Elongated neutrophil-derived structures are blood-borne microparticles formed by rolling neutrophils during sepsis

Alex Marki, Konrad Buscher, Cristina Lorenzini, Matthew Meyer, Ryosuke Saigusa, Zhichao Fan, Yi Ting Yeh, Nadine Hartmann, Jennifer M. Dan, William B. Kiosses, Gregory J. Golden, Rajee Ganesan, Holger Winkels, Marco Orecchioni, Sara McArdle, Zbigniew Mikulski, Yoav Altman, Jack Bui, Mitchell Kronenberg, Shu ChienJeffrey D. Esko, Victor Nizet, David Smalley, Johannes Roth, Klaus Ley

Research output: Contribution to journalArticlepeer-review

21 Scopus citations


Rolling neutrophils form tethers with submicron diameters. Here, we report that these tethers detach, forming elongated neutrophil-derived structures (ENDS) in the vessel lumen. We studied ENDS formation in mice and humans in vitro and in vivo. ENDS do not contain mitochondria, endoplasmic reticulum, or DNA, but are enriched for S100A8, S100A9, and 57 other proteins. Within hours of formation, ENDS round up, and some of them begin to present phosphatidylserine on their surface (detected by annexin-5 binding) and release S100A8–S100A9 complex, a damage-associated molecular pattern protein that is a known biomarker of neutrophilic inflammation. ENDS appear in blood plasma of mice upon induction of septic shock. Compared with healthy donors, ENDS are 10–100-fold elevated in blood plasma of septic patients. Unlike neutrophil-derived extracellular vesicles, most ENDS are negative for the tetraspanins CD9, CD63, and CD81. We conclude that ENDS are a new class of bloodborne submicron particles with a formation mechanism linked to neutrophil rolling on the vessel wall.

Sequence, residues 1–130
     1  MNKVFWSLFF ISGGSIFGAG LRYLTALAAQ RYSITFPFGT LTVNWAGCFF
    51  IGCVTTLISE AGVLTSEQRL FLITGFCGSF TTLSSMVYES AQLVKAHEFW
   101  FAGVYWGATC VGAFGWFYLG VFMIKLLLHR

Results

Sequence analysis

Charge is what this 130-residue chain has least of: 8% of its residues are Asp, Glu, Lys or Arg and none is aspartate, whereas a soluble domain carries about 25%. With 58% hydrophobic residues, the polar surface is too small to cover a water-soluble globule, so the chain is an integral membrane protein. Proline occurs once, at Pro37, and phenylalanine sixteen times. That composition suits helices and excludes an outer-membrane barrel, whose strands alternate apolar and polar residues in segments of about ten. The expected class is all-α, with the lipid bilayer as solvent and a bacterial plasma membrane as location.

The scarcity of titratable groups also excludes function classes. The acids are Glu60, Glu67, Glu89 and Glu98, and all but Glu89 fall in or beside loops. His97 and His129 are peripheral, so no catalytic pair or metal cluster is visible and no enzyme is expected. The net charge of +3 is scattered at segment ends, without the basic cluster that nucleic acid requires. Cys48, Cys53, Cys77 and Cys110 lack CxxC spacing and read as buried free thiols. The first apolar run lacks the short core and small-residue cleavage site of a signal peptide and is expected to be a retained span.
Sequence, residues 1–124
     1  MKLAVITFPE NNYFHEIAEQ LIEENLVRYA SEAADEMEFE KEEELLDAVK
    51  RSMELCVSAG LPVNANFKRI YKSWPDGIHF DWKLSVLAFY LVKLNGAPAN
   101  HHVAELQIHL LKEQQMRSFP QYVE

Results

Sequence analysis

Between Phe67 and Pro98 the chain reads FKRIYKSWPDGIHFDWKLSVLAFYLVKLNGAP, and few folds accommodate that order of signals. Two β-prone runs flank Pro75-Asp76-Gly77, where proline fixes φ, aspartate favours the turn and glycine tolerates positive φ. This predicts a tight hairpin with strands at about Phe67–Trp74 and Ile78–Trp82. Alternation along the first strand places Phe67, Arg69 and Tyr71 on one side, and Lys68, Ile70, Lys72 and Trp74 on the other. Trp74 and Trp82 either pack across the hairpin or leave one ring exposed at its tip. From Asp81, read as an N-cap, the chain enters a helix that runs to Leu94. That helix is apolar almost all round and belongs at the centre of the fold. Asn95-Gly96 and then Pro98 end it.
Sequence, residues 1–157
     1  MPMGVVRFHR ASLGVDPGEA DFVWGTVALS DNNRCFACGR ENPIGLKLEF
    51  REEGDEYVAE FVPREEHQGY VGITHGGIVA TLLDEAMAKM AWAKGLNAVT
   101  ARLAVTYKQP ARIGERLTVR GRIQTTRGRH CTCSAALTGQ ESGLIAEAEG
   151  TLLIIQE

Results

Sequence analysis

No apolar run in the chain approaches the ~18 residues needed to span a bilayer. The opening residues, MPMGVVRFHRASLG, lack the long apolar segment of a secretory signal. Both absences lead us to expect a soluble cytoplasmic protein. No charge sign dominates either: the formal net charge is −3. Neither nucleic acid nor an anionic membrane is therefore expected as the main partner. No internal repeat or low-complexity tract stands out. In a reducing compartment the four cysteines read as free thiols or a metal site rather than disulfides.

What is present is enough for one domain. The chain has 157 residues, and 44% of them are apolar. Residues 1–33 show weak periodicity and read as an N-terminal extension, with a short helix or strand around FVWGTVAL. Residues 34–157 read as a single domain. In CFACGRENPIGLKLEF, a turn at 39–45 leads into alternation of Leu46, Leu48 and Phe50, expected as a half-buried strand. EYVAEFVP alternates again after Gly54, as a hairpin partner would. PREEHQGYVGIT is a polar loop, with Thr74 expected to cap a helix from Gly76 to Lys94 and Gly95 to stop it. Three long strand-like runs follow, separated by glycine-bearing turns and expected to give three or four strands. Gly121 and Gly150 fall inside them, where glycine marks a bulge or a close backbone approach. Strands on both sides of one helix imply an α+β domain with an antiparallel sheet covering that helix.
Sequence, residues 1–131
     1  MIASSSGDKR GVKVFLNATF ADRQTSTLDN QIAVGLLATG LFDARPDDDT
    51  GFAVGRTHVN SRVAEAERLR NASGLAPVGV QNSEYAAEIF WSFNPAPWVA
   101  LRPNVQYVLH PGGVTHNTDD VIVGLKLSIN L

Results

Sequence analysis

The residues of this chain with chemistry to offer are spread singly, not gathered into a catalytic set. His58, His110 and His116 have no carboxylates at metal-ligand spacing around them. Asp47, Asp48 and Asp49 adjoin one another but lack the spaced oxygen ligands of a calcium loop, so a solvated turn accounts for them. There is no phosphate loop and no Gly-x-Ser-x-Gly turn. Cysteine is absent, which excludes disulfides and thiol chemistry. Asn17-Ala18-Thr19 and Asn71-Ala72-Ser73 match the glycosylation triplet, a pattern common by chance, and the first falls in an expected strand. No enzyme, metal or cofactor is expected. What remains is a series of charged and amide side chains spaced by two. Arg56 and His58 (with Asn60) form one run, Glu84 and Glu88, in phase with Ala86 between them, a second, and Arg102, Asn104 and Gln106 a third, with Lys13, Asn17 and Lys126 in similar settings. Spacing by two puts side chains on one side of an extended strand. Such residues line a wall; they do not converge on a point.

Original languageEnglish (US)
Article numbere20200551
JournalJournal of Experimental Medicine
Issue number3
StatePublished - Mar 1 2021
Externally publishedYes

ASJC Scopus subject areas

  • Immunology and Allergy
  • Immunology


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